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Straight From The Heart

Taxi Driver

 SharjahTaxi-drivers are a unique source of information. Sometimes they give you the kind of info that no  news channel or a search engine or an encyclopaedia can ever offer.  I don’t know why I feel this affinity toward cabbies. I always find myself engaging in a general conversation whenever I am travelling in a cab. It can be cabbies from anywhere in the world. Yes, I’ve  had conversation with stiff upper lipped cabbies in London and the heavily accented English –speaking ones in Egypt. Some of them have made a place in my memory. I remember a Scottish cabbie telling us stories of his highlands in Scotland and a French cabbie indignantly pointing out that the name Paris doesn’t suit Paris Hilton. A sardar cabbie in Mumbai once actually made me, a true Mumbaikar, believe that Sion Koliwada is the best neighbourhood in entire Mumbai. No matter how insignificant these might sound, I find these incidents incredibly amusing overlayed with genuine humour. The point is my relationship with taxi drivers goes a long way.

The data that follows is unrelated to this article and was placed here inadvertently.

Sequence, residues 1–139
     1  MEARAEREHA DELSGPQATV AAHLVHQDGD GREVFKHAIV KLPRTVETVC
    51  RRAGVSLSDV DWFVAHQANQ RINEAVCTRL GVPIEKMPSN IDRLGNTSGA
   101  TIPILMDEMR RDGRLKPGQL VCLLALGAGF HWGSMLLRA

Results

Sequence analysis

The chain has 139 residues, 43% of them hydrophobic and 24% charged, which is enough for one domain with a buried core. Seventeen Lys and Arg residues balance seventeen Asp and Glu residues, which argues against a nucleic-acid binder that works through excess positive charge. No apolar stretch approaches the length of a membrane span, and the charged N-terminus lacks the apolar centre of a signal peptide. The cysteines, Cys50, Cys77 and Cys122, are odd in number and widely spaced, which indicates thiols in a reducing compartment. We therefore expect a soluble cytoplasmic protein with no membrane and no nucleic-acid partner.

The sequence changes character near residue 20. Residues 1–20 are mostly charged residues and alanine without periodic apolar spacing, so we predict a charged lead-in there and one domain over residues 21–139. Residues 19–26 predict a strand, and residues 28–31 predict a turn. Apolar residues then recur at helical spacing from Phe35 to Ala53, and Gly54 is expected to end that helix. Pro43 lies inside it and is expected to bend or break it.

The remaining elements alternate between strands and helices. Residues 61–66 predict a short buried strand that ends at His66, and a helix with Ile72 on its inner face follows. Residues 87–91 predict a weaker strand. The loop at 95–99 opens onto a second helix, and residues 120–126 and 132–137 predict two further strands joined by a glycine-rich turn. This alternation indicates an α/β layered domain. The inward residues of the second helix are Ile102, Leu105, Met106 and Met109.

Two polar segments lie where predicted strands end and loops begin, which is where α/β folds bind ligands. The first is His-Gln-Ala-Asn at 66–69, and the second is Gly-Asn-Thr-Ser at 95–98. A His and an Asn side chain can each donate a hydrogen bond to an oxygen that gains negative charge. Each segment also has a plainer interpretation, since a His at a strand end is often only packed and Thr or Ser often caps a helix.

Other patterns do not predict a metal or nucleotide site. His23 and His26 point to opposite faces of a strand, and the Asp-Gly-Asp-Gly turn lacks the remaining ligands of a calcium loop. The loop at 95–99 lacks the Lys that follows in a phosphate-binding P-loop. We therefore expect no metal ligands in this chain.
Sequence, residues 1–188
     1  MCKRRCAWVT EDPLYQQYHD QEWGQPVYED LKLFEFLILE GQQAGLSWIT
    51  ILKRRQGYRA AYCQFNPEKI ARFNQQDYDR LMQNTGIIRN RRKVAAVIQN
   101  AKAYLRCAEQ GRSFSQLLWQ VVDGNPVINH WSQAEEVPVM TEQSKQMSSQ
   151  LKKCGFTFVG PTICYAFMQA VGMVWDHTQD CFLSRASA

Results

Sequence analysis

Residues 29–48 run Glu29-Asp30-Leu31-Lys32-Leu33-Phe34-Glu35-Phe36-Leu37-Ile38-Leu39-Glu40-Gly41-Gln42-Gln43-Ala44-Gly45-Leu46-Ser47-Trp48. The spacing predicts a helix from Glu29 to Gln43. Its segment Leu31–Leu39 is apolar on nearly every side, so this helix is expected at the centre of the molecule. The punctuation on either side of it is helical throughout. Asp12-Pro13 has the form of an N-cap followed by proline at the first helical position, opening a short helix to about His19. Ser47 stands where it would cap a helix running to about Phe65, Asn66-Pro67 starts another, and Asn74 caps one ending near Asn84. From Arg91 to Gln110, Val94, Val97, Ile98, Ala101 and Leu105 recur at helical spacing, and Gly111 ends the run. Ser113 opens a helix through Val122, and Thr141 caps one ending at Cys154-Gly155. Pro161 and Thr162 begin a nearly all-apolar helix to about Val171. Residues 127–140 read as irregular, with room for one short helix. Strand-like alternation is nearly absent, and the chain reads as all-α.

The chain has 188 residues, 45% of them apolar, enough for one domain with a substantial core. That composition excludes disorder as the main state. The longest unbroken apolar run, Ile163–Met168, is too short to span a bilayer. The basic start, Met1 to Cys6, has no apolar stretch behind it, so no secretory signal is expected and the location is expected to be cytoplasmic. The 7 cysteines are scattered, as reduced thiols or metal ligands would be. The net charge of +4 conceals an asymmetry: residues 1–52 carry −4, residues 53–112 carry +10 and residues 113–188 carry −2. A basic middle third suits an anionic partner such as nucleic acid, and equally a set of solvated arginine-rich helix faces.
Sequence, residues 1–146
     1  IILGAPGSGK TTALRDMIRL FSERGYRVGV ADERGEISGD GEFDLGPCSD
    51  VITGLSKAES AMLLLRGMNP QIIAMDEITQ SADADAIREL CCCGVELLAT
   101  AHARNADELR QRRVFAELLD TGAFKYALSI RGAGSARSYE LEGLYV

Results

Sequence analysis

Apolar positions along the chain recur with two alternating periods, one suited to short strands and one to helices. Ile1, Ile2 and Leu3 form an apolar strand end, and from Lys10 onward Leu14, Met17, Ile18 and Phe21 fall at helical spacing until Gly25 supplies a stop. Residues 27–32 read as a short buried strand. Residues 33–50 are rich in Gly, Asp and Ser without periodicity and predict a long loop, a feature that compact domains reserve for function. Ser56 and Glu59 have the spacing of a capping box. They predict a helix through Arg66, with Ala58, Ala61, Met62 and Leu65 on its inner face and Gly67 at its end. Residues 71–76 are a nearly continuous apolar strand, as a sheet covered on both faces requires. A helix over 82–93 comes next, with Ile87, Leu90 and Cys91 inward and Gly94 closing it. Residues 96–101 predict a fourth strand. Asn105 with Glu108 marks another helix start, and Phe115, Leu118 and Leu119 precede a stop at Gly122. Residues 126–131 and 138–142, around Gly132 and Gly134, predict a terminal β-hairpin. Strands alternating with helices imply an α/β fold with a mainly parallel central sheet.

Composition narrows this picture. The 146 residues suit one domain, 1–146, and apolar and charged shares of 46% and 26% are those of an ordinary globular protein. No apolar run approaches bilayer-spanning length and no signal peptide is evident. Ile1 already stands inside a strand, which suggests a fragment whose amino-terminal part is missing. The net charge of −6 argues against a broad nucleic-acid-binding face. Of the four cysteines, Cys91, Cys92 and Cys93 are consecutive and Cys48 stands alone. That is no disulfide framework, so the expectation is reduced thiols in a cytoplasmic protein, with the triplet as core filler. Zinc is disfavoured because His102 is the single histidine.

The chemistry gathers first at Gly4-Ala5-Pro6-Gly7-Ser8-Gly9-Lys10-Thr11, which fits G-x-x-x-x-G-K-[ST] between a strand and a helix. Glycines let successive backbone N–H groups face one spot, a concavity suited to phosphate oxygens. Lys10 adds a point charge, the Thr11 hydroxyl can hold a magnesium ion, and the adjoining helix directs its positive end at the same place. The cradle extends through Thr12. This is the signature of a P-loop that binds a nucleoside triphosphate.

One such incident I vividly recollect is from Sharjah. We were in Sharjah for a short stay somewhere in 1998 -99. Instead of renting out a car, we chose taxi as a means of regular transport. I used to go all over the place with my one year old son by taxi. On one such occasion, I was travelling to some destination. It was a long drive from my home to that place. My driver was a young pathan, Amir Khan look-alike. He must be all but 20-21 years old. It was a sultry afternoon in Dubai. I was perspiring all over waiting for a cab. Imagine my relief when I settled down in an air conditioned comfort of a car finally. Asha Bhosale was crooning a melodious number from sixties on the radio.  That time HUM Fm was very popular among south –east Asian community  – probably it still is. For those who don’t know what Hum is, it is an abbreviation for, Hindi, Urdu and Malyalam channel. Soon the motion of the car lulled my son to sleep. I rested my head against the back of the seat and closed my eyes.  Myriad thoughts invaded my mind.

Suddenly the driver’s voice brought me back from reverie. He was saying, `` I like this song very much.’’ I tried to listen. The incoherent sounds around me have become coherent. It was `Chiththi aayi hain ‘from the 80’s movie Naam. Well, I understood. The boy must be feeling lonely in this new city without his folks.  ``Yes, it brings back the memories of your hometown and particularly your parents. ‘’I sympathised though I myself had never particularly thought very highly about this song. ``Every time I listen to this song, it brings back memories of my village, my playmates and my mother.’’ His voice was emotional. The boy was in a talking mood. I showed interest,` `Who all are in your house?’’ ```My mother and my younger brother.’’ ``So you are the eldest one?’’ I probed. ``No no, I have two older brothers. They live here in Dubai. We stay together.’’ The song continued.